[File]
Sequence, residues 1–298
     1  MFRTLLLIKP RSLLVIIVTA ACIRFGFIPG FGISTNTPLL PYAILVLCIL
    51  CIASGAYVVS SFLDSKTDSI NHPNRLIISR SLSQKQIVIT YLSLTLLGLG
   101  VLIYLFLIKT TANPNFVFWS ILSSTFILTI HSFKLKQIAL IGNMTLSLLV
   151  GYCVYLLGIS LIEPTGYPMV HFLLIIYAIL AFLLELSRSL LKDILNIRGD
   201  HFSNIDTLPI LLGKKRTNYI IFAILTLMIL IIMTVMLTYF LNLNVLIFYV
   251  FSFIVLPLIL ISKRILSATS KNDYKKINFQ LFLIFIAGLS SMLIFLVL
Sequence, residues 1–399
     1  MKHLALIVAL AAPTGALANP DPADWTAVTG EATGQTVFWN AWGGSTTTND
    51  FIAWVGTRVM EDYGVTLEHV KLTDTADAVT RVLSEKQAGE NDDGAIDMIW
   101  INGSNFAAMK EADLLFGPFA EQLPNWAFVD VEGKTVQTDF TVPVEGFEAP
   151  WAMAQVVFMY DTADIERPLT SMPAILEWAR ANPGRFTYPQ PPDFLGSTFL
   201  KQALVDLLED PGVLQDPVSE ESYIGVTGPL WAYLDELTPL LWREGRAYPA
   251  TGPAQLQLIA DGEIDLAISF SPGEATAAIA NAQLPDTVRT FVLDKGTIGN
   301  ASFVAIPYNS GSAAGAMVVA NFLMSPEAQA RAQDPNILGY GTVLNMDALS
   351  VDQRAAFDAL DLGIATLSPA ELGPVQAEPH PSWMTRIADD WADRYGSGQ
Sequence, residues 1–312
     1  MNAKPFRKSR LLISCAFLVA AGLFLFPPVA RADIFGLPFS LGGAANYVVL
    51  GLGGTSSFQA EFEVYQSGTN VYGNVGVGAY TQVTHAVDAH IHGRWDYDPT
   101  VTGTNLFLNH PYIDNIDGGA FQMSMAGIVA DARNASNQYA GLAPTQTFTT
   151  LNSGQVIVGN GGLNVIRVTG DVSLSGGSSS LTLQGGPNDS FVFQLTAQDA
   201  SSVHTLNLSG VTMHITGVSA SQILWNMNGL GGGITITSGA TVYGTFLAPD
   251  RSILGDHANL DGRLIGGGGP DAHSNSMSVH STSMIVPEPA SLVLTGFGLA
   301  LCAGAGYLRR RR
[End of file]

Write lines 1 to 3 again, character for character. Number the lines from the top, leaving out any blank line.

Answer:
Sequence, residues 1–298
     1  MFRTLLLIKP RSLLVIIVTA ACIRFGFIPG FGISTNTPLL PYAILVLCIL
    51  CIASGAYVVS SFLDSKTDSI NHPNRLIISR SLSQKQIVIT YLSLTLLGLG